We all know that too much alcohol is bad for us, but do we know what it actually does to our brains? New research suggests that long-term, heavy alcohol consumption kills off brain stem cells, which play a key role in supporting healthy cognitive function.

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Habitual drinking damages the brain, but what does it do to neural stem cells, its regenerative matter?

According to data provided by the National Institute on Alcohol Abuse and Alcoholism (NIAAA), in the United States, approximately 88,0008 adults die each year due to alcohol consumption. The NIAAA add that alcohol is “the third leading preventable cause of death” in the country.

Research has also repeatedly tied alcohol abuse with the risk of developing liver disease, as well as with neurodegeneration.

And now, researchers are investigating the impact of alcohol on neural stem cells (NSCs), which are undifferentiated cells in the central nervous system that have the ability to specialize as and when needed.

Dr. Ping Wu — from the University of Texas Medical Branch in Galveston — and team performed a series of experiments involving mice. They found that alcohol alters NSC differentiation and affects cell survival. They also noticed a different impact in females compared with males.

“The discovery that the adult brain produces stem cells that create new nerve cells provides a new way of approaching the problem of alcohol-related changes in the brain,” says Dr. Wu.

However, before the new approaches can be developed, we need to understand how alcohol impacts the brain stem cells at different stages in their growth, in different brain regions, and in the brains of both males and females.”

Dr. Ping Wu

The study’s results were recently published in the journal Stem Cell Reports.

To study the fate of NSCs in laboratory mice exposed to long-term alcohol consumption, the team used the latest genetic inducible fate mapping techniques. These provide a means of observing what happens to NSCs over time, including how the cells migrate and how they become specialized.

They found that, of the subventricular zone, the subgranular zone, and the tanycyte layer — the three brain regions known or believed to contain NSCs — the subventricular zone of the lateral ventricles was the one most affected by chronic exposure to alcohol.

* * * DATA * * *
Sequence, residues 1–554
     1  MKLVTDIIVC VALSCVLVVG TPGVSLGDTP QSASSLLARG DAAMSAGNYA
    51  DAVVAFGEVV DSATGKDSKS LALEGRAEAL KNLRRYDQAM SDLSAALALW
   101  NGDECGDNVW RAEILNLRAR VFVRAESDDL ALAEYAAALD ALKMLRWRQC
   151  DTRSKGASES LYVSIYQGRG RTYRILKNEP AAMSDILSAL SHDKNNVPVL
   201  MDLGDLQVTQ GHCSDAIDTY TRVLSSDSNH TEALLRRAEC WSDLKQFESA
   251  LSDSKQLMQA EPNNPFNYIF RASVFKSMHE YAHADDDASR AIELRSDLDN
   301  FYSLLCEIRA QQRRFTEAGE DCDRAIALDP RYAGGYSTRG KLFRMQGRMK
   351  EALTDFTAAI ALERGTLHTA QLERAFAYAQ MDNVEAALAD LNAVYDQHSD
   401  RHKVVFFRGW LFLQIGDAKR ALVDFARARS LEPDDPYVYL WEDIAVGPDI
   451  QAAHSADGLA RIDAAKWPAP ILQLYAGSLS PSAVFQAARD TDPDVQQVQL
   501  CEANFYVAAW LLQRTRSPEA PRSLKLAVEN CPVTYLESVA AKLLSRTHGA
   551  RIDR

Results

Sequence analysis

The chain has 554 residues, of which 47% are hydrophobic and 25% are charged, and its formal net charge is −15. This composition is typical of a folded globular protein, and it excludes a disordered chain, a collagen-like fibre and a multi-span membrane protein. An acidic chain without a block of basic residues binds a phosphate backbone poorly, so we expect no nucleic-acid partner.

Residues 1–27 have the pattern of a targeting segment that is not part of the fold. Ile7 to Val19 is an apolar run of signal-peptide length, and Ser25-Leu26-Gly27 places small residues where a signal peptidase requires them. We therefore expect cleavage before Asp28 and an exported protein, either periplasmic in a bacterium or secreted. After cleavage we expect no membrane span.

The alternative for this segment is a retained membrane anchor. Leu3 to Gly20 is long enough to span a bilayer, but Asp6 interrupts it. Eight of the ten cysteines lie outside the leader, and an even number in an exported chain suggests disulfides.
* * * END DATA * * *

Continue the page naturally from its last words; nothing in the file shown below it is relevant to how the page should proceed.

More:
In this region, the stem cells “were most susceptible to the effects of ethanol,” which disrupted their process of differentiation.

However, Dr. Wu and team note that chronic alcohol consumption appeared to kill most NSCs. After long-term exposure, the pool of stem cells had greatly decreased across the board.

Additionally, the researchers found that female mice were more susceptible to the effects of excess alcohol than their male counterparts.

“Ethanol females displayed more severe symptoms of intoxication and escalated in severity at a higher rate than males,” the study authors report.

Not only that, but the number of stem cells was also reduced more drastically in the brains of females compared with those of males.

“Probably the most interesting finding from this work,” the authors say, “is that regional location and sex played pivotal roles in determination of NSC response to ethanol consumption.”

Still, certain underlying mechanisms and reasons behind the greater susceptibility of females to alcohol require further investigation.

“If males and females produce varying levels of ethanol metabolites [the enzymes that help break down alcohol molecules in the system], these metabolites could be affecting the [central nervous system] more than males,” the authors say.

In future studies, the team hopes to reveal more information about the mechanism at play in the interaction between alcohol and NSCs. This would allow them to uncover better strategies for addressing alcohol abuse.